CHICAGO — It was a midgame gamble destined to pay off later had the Mariners’ bats fulfilled their end of the bargain.
But in the end, a decision to allow the left-handed bat of Raul Ibanez to face southpaw reliever Donnie Veal in the sixth inning of a tie game Saturday failed to pay off either short term or long.
Ibanez went down swinging against Veal with two on in the sixth, then again against right-hander Jesse Crain with two on in the eighth as the Mariners lost, 4-3, to the Chicago White Sox.
Ibanez was far from the only culprit on a day Mariners ace pitcher Felix Hernandez had little command and the bats this team is counting on failed to come through when it mattered most.
“I left a couple of chances out there,” Ibanez said. “I didn’t get it done. You’ve got to be better than that.”
Ibanez was better earlier on, lining a one-out double off White Sox starter Dylan Axelrod in the second inning and later scoring on an error to give Seattle a 1-0 lead. A crowd of 22,461 spectators at U.S. Cellular Field watched Hernandez hold the home side largely in-check early despite fighting swirling winds that impacted his command and caused nightmares all day for outfielders chasing fly balls.
But Chicago finally tied it in the fifth when Conor Gillaspie lined a ball over right fielder Michael Morse for a triple, then scored on a sacrifice fly by Hector Gimenez. Then, in the sixth, Hernandez hung an 0-2 changeup in the middle of the strike zone on Alex Rios and saw the ball knocked an estimated 417 feet over the wall in left center for a two-run homer.
“When it left my hand, I was like ‘This is going to be up’,” Hernandez said. “It was a changeup. I was trying to go down. But it didn’t work.”
Instead, Hernandez would leave with the bases loaded and one out in the seventh and had a fourth run charged to his ledger when Alejandro De Aza hit a sacrifice fly off Charlie Furbush to give the White Sox a 4-1 lead.
The Mariners tried to come back in the eighth when Michael Saunders connected for a two-run homer the opposite way to left off southpaw Matt Thornton. But with two on and one out, Ibanez went down swinging against Crain and Justin Smoak grounded out.
Having Ibanez around to face a right-hander late is one of the reasons manager Eric Wedge stuck with him earlier against left-hander Veal, who eventually picked up the victory by virtue of his scoreless inning of work.
Wedge said he wasn’t going to go to his bench that early in a tie game, even though Ibanez hit just .197 with a .492 on-base-plus-slugging percentage (OPS) versus southpaws last season.
“Not at that point in time,” Wedge said. “For the exact reason that he comes back again late with a chance against a right-hander and you feel pretty confident it’s going to come back around that way. It’s early in the season and you want to give these guys opportunities. Raul’s obviously been a clutch hitter most of his career. It looked like he had one pitch to hit. Otherwise that guy (Veal) pitched him pretty good.”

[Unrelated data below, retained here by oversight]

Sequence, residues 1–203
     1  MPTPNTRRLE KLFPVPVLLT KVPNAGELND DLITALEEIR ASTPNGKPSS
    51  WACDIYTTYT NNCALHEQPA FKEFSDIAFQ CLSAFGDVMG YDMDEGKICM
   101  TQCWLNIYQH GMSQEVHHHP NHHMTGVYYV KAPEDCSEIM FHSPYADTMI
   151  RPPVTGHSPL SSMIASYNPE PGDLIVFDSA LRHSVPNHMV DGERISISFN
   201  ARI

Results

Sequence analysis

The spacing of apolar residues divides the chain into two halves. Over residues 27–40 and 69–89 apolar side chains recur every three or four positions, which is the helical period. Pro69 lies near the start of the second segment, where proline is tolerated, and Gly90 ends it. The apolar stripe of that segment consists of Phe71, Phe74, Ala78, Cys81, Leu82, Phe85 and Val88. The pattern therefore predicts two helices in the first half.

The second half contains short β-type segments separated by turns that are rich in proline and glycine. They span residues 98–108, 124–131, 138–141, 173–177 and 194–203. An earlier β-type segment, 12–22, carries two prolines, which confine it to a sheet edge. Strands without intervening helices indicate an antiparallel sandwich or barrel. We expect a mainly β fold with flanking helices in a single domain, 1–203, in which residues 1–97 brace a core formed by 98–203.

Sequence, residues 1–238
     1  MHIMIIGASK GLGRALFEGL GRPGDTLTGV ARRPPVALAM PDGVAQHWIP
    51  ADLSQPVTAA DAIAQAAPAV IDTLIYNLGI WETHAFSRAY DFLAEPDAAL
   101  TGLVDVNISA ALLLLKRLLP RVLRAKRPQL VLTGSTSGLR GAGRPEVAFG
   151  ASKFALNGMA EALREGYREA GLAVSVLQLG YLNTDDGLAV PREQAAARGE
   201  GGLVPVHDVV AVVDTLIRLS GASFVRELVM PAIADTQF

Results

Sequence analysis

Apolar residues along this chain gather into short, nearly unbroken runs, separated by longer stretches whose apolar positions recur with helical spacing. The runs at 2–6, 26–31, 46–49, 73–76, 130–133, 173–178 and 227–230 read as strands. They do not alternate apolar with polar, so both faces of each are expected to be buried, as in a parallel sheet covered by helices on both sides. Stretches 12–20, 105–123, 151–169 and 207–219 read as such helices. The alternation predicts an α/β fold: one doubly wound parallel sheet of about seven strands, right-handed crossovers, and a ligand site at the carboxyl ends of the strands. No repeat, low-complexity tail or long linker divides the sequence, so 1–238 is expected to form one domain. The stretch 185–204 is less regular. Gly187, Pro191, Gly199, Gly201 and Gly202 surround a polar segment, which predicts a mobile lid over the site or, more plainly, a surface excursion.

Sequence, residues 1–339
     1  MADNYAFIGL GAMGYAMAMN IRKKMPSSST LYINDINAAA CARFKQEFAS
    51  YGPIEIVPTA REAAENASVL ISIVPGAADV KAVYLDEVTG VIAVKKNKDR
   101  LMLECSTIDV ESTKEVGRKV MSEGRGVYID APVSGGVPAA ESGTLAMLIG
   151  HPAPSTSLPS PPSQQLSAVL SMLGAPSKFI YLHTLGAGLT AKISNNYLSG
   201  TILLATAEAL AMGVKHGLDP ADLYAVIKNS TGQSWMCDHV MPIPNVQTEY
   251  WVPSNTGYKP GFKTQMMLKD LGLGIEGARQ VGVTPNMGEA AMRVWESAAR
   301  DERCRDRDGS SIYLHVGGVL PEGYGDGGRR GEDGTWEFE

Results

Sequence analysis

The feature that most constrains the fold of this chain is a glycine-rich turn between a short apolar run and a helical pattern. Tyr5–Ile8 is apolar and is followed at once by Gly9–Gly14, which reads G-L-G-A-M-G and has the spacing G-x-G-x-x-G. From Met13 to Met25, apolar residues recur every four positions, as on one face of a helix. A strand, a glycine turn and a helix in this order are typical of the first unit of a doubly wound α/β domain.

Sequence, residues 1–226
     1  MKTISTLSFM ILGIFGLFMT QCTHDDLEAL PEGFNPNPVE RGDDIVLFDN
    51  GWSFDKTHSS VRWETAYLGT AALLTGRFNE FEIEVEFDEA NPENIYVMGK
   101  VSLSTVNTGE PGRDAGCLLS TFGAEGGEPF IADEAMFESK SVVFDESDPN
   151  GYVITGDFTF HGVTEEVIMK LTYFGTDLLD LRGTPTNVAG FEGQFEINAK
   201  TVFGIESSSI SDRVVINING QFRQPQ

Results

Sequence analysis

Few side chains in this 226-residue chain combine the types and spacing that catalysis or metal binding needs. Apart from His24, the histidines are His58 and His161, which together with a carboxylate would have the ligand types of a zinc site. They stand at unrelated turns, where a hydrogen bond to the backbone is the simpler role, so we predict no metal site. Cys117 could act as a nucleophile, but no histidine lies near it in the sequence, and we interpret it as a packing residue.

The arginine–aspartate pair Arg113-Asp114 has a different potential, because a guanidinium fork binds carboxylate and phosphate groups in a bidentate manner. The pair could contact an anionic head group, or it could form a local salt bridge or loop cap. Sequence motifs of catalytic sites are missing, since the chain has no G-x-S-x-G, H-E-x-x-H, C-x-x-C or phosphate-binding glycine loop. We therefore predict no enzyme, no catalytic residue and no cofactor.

Ibanez worked the count to 2-0 before Veal painted the outside corner with a fastball that looked somewhat hittable. But Ibanez said he didn’t feel comfortable swinging at a borderline outside pitch like that and would have rather taken the strike than roll over on it and ground out.
Where Veal got the edge was by dropping in a 3-1 backdoor slider for a called strike. When he came back right away with the very same pitch, Ibanez knew he couldn’t afford to take it.
“Once he was able to throw that for a strike, I had to be prepared to hit it,” Ibanez said. “And he made a good pitch. It could have gone either way if I’d taken it, but with guys out there (on base) I wasn’t going to take that chance.”
But even with the strikeout, sticking with Ibanez appeared to pay off in terms of late-game matchups. Down 4-3 in the eighth, Wedge still had the right-handed bat of Jason Bay on the bench to use as a pinch-runner once Kendrys Morales got on.
And after a Morse walk put two on, he still had left-handed hitting Ibanez to use against right-hander Crain. Wedge also had Franklin Gutierrez and Jesus Montero to use as pinch hitters in the ninth.
But none of them got it done.
“Every single game that we’ve played this year I think we’ve had runners on base,” said Saunders, whose home run in the eighth was a first by a Mariner other than Morse or Gutierrez this season.
“We’re just missing that timely hit or whatever it may be. But we fought hard. We were in the game the entire way through. … If we continue to do that over the course of the season, we’re going to win a lot of ballgames.”